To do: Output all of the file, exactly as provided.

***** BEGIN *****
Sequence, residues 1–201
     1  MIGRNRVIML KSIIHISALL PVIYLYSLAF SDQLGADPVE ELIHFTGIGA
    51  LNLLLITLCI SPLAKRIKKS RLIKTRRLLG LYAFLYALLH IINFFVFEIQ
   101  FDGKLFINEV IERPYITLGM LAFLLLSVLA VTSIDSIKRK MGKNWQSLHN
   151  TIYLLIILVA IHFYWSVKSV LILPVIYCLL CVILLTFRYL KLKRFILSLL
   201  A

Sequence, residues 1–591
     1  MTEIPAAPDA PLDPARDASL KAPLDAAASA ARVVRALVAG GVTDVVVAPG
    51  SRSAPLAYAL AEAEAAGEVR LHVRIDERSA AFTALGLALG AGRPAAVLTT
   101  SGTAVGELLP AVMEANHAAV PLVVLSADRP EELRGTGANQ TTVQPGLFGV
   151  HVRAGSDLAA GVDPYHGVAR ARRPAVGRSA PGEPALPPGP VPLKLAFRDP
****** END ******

Sequence, residues 1–201
     1  MIGRNRVIML KSIIHISALL PVIYLYSLAF SDQLGADPVE ELIHFTGIGA
    51  LNLLLITLCI SPLAKRIKKS RLIKTRRLLG LYAFLYALLH IINFFVFEIQ
   101  FDGKLFINEV IERPYITLGM LAFLLLSVLA VTSIDSIKRK MGKNWQSLHN
   151  TIYLLIILVA IHFYWSVKSV LILPVIYCLL CVILLTFRYL KLKRFILSLL
   201  A

Sequence, residues 1–591
     1  MTEIPAAPDA PLDPARDASL KAPLDAAASA ARVVRALVAG GVTDVVVAPG
    51  SRSAPLAYAL AEAEAAGEVR LHVRIDERSA AFTALGLALG AGRPAAVLTT
   101  SGTAVGELLP AVMEANHAAV PLVVLSADRP EELRGTGANQ TTVQPGLFGV
   151  HVRAGSDLAA GVDPYHGVAR ARRPAVGRSA PGEPALPPGP VPLKLAFRDP